Second-year BA (Hons) Fashion Design (Part-Time) student Evangelia Rodriguez Gonzalo recently won 2nd Prize at the SDC International Design Competition 2017 ‘Design for a Circular Economy’. The award was presented at The Fashion & Textiles Museum following the London Region Heat announcement. Eva, who also works for BMA Models, spoke to us after the presentation.
Evangelia, can you tell us a little bit about yourself and what inspired you to study fashion?
Hi, yes sure, so basically what brought me to study fashion in London is related to my job. I started modelling in Spain at the age of 17 and always voiced my opinion about the clothes to the photographers and stylists about what I like or dislike about those garments that were hanging on me, usually more dislike than like. So one day I was telling my mum how horrible the garments of the last shoot were so she told me why not make them myself. Related to my hobbies, I love playing football (not watching it), going to antique shops and of course, a glass of good wine.
Before applying to LCF, what did you study and where?
I started studying Marketing in Madrid because my dad wasn’t happy about the idea of studying fashion, he didn’t even know what it means. But after a unsuccessful first year and the effort that I put in secretly to mounting a portfolio together to enter a UK university, he came around to the idea.
What attracted you to BA (Hons) Fashion Design Part-Time?
Unfortunately, my parents couldn’t afford to pay for university and Student Finance only helps foreigners after 3 years of living in the UK, so I had to force myself to work and study at the same time. For this reason, this course had the facilities of helping students in the same situation as mine due to their evening classes.
What does Fashion Business mean to you?
Business comes along if you believe in yourself.
You came second at the SDC International Design Competition 2017 ‘Design for Circular Economy’. What was your idea and pitch to the competition?
As humans, it’s in our nature to want to be better. And today, technology has given us the means to improve ourselves in a way we never thought possible. Is there a way that we could harness the power of modern technologies to design and manufacture clothing that could similarly make us better versions of ourselves?
When I moved to London, the shop in front of my building was a chicken shop. What interested me the most about these shops, was the bones left outside my house. I liked the idea of collecting this discarded waste from the floor, reusing this resource to make new things, leading this to a circular design. I looked for other sources of bones and found more on the banks of the River Thames. Bones are good for repairing. They are durable and hard. But this hardness also makes them easier to crumble. With crumbling, you can either use it to make broth, or you could put it into the garden, or you create a new material. The new material would be crushed and moulded into a new form, which would be usable for 3D printers. Observing 3D printing in comparison to other manufacturing processes – and especially mass production – it seems that the technology has far less of an impact on our environment in comparison to traditional manufacturing. And when we consider the entire product life cycle – extracting raw materials, assembly, refining, etc. – 3D printers demonstrate a considerable advantage over traditional machines in terms of carbon footprint. They generate less waste, eliminating the process of drilling, cutting, and milling. Another advantage of 3D printers is about reducing the refining and assembly stage, and removing the storing necessity of the products before and during their sale. The whole idea behind 3D printing is to produce affordable products in an efficient and effective manner so they’re more durable, lighter (especially advantageous when shipping) and create close to zero waste.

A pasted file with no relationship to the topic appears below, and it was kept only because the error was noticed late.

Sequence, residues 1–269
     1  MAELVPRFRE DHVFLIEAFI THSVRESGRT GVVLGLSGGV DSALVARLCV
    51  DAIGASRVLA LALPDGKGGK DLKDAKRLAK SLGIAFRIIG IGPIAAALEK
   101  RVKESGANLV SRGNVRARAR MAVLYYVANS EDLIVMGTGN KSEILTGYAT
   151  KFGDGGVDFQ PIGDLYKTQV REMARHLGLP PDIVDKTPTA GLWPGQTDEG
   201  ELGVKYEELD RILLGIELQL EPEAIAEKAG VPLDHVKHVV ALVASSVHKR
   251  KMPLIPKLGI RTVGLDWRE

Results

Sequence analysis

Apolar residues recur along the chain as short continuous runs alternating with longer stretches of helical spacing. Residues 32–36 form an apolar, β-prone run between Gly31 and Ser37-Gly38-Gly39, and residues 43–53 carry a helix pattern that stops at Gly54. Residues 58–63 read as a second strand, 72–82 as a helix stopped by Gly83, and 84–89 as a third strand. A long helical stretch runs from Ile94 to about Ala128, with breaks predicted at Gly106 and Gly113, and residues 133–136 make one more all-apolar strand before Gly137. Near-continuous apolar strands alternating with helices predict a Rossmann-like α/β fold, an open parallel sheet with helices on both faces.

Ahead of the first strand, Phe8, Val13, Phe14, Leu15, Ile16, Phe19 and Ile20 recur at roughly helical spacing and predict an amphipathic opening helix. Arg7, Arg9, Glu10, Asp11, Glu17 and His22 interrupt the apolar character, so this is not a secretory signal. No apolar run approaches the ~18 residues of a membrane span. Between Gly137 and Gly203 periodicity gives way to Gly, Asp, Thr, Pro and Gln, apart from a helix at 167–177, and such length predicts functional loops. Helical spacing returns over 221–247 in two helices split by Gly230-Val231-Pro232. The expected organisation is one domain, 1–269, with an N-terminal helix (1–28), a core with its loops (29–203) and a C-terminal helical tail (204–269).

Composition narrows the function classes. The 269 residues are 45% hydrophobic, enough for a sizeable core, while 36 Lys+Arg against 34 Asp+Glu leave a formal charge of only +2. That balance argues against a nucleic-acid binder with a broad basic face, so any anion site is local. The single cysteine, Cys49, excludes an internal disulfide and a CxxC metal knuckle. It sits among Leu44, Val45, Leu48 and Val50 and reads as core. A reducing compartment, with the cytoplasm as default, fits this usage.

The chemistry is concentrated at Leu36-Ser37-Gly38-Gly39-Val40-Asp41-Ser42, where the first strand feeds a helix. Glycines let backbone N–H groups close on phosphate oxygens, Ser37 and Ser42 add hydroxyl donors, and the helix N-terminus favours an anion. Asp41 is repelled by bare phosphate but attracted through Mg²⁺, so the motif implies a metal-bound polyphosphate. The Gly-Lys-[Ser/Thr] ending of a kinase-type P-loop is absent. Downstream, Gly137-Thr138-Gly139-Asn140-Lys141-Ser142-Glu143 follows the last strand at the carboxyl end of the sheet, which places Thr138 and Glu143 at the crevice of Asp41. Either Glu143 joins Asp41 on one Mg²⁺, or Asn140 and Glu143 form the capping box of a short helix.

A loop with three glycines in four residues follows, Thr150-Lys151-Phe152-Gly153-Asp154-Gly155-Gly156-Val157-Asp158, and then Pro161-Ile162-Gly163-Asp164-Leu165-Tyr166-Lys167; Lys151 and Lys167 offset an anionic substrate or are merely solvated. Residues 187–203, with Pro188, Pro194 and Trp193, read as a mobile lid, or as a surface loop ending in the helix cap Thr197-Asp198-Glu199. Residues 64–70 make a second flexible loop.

Recycling bones is a complete life cycle, a complete design for a circular economy. But what I wanted to create is a new way of recycling. In a perfect future, with your 99.9% recyclable garment, you would take it off and you would place it into the machine that would break down the material so it can re-print your old garment (or new design) over and over again. Therefore, if you were to buy one garment worth of material the only thing you are paying for is the design file of the specific brand. But the bones here also act as a kind of memento mori – a reminder of the inevitability of death. Everything is alive. Regarding the pitch for the competition was pretty straight forward, I tried to emphasise what the judges were looking for and make it all clear and simple for them.
Did you enjoy being presented the award at The Fashion & Textile Museum?
Yes, it was quite motivated due to their prestigious name.
What do you think is the biggest issue in fashion at the moment?
How to emerge fast fashion with tech fabrics.
Do you have a favourite song, mix or playlist to listen to while working?
Haha, this is a tricky question. Yes I do, I get into my boyfriend’s Spotify while he is working in another studio, and we fight for it. It’s quite funny and joyful to play around with him. I think you should laugh and be in a good mood while doing things you love.
Are you thinking about graduation, do you have a plan on the horizon after LCF?
No, not really, but what I know is that I don’t want to work for a big company. I want to do my art at my pose.
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